Construction Law 101: AIA Contracts

When you’re involved in a construction project, having a detailed contract in place can protect it by minimizing risk and avoiding expensive litigation. The American Institute of Architects’ A201 General Conditions for Construction and the AIA B141 Owner/Architect Agreement (otherwise known as AIA contracts) are often used because they are familiar to architects and contractors while protecting the rights of homeowners.

Every ten years the AIA revises its construction and design agreements to reflect changing industry standards and market conditions. In 2017 certain documents underwent key revisions, some of which favor contractors while others benefit the project owner. In general, they accomplished the main goal of implementing commonly negotiated terms into the documents.

Date of Commencement

The commencement date of a project is used to determine how long contractors have to deliver the project or whether damages may be due if the work takes longer. The newest versions of the AIA contracts allow the parties to decide whether the date of commencement refers to:

  • – The date of the agreement
  • – The date the contractor receives a notice to proceed
  • – A date agreed to by all the parties

Contractors can negotiate for the best term to provide them with additional time to complete work on a project.

Delays

The new AIA contracts state that if project completion is delayed through no fault of the contractor, the owner shall still pay them. Before the update, contractors would only be paid if material delays occurred after the building was ready to be used for its intended purpose. This new provision can help contractors get paid for delays sooner.

Mutual Waiver of Consequential Damages

This is one of the biggest – and most controversial changes to the AIA contracts. The architect, contractor, and owner agree to waive “consequential damages” against each other, meaning that if the project is delayed, the owner gives up practically every claim they might potentially have against the architect and contractor. Because the legal definition of “consequential damages” is not exactly clear, project owners usually opt to strike this provision from the contract before signing.

Hazardous Materials

The AIA contracts define hazardous materials as anything that presents a risk of bodily injury or death. They now require the project owner to indemnify the contractor for any claims resulting from these materials. While not unfair, the presence of this clause makes it advisable that owners obtain pollution insurance coverage for potential claims and contract with an environmental laboratory that will handle the materials or any pollution from the site.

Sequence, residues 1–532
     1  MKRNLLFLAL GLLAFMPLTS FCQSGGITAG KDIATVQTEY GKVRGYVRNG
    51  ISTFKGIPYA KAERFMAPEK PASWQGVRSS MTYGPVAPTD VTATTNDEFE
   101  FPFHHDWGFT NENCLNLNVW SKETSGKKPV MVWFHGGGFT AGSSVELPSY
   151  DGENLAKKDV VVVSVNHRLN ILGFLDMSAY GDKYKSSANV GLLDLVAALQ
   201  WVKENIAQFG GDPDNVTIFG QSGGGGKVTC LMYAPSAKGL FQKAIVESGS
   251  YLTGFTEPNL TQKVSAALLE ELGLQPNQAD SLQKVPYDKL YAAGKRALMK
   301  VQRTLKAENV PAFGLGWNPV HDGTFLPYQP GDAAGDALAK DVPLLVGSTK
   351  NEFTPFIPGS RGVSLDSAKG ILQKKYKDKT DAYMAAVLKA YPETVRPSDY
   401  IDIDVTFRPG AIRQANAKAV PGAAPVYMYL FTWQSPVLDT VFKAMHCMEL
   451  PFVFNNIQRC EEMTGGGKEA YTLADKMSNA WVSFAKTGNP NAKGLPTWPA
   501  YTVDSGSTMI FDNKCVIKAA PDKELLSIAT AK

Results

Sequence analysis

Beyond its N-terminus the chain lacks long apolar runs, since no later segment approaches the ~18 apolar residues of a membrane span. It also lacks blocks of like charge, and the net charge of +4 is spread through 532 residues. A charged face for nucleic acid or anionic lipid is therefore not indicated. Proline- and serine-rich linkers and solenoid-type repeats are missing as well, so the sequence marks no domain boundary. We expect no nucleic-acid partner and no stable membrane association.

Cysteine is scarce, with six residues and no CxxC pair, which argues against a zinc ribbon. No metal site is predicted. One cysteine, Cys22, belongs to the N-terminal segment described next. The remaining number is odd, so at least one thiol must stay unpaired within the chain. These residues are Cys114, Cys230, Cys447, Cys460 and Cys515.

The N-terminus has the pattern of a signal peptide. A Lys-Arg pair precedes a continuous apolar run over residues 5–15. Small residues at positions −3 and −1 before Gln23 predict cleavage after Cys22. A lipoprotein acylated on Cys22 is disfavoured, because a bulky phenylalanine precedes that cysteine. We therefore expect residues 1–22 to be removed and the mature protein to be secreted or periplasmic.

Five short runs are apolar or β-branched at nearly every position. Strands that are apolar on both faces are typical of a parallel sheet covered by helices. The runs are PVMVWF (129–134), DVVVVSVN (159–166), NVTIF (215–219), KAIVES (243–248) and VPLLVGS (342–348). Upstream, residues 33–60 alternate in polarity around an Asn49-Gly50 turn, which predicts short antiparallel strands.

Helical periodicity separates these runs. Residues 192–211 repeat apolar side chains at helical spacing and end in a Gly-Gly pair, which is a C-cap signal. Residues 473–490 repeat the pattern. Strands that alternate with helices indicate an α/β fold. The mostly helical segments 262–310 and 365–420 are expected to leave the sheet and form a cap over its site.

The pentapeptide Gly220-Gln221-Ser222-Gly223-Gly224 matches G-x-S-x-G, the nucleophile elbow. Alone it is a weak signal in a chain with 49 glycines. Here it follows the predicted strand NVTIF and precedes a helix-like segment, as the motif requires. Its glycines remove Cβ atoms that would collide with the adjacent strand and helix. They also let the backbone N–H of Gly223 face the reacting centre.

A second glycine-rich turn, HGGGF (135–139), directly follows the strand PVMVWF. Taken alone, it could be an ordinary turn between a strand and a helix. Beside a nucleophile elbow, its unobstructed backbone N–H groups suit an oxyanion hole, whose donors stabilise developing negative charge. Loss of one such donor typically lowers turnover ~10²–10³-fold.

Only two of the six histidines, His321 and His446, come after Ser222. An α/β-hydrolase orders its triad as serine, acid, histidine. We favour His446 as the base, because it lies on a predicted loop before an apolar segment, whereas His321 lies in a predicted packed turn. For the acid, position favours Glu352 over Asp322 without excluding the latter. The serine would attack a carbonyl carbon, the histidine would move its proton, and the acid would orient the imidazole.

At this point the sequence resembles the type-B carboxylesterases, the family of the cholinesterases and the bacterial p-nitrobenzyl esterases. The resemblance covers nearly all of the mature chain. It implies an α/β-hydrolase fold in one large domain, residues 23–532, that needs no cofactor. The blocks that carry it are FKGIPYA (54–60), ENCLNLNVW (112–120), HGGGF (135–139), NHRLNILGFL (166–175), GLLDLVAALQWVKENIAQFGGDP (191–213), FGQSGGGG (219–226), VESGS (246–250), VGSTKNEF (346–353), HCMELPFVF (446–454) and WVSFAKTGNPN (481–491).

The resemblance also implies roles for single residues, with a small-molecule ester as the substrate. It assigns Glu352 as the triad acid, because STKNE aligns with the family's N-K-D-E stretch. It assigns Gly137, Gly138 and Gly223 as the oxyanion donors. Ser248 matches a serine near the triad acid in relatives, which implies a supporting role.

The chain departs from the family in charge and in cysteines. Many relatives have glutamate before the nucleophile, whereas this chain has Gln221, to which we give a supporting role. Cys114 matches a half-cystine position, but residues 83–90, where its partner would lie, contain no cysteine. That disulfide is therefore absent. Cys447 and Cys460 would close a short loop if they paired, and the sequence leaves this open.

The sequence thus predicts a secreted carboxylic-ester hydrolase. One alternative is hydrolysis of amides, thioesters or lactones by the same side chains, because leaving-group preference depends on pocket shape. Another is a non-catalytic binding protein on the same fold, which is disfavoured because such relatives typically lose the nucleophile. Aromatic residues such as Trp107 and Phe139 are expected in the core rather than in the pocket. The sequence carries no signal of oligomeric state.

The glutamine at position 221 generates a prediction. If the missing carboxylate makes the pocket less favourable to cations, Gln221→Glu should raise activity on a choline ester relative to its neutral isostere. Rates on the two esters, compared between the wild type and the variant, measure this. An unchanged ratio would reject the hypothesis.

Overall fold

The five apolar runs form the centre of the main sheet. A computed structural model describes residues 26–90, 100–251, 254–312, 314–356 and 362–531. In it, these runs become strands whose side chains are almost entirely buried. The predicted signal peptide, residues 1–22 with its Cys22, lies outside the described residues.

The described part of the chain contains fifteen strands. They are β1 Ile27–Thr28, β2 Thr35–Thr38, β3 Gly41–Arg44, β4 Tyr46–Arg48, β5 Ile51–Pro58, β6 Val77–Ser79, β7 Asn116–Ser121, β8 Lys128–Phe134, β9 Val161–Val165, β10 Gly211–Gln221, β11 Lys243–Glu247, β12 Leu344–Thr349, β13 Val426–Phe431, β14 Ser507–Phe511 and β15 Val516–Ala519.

Contractor’s Obligation to Repair

The contractor’s obligation to repair is separated from their general obligation to fulfill the terms and conditions of the contract. In other words, even if the period for making corrections is expired, the owner can still take the contractor to court for breach of contract if the latter did not perform the work in accordance with the plans and specifications.

Termination for Convenience

While the owner may terminate the construction contract and owner / architect agreement for convenience, they also allow the contractor to recover certain expenses and lost income on work not performed. Project owners often strike this provision or modify it to state that they will only pay for work completed to date and any reasonable termination expenses.

Some clauses are decidedly in favor of the contractor or architect. For example:

  • – The owner / architect agreement allows the architect to stop working if the owner fails to pay, even if the payment is disputed. The architect should not be able to stop work amid a good faith dispute over services, so this clause can be modified to allow disputed portions to be placed in an escrow account and require the architect to stay on the job.
  • – The contractor has the right to stop working if they don’t think the owner has provided sufficient proof of financial resources to continue the work. This is another frequently-removed clause because it permits the contractor to judge the owner’s financial means.

Despite these one-sided clauses, AIA contracts do a reasonable job of allocating risks among the architect, contractor, and owner. Even if you make substantial changes to the documents later, it can be beneficial to start with a template contract that is familiar to everyone involved. An experienced construction law attorney can assist in modifying any contents that are too biased in favor of one party.

At Rosen Law LLC we have dedicated and experienced construction law attorneys who can assist you in modifying an AIA contract or even drafting an entirely separate document that protects the project and the rights of everyone with a stake in it. For more information or to schedule a case review, please call (516) 437-3400 today.

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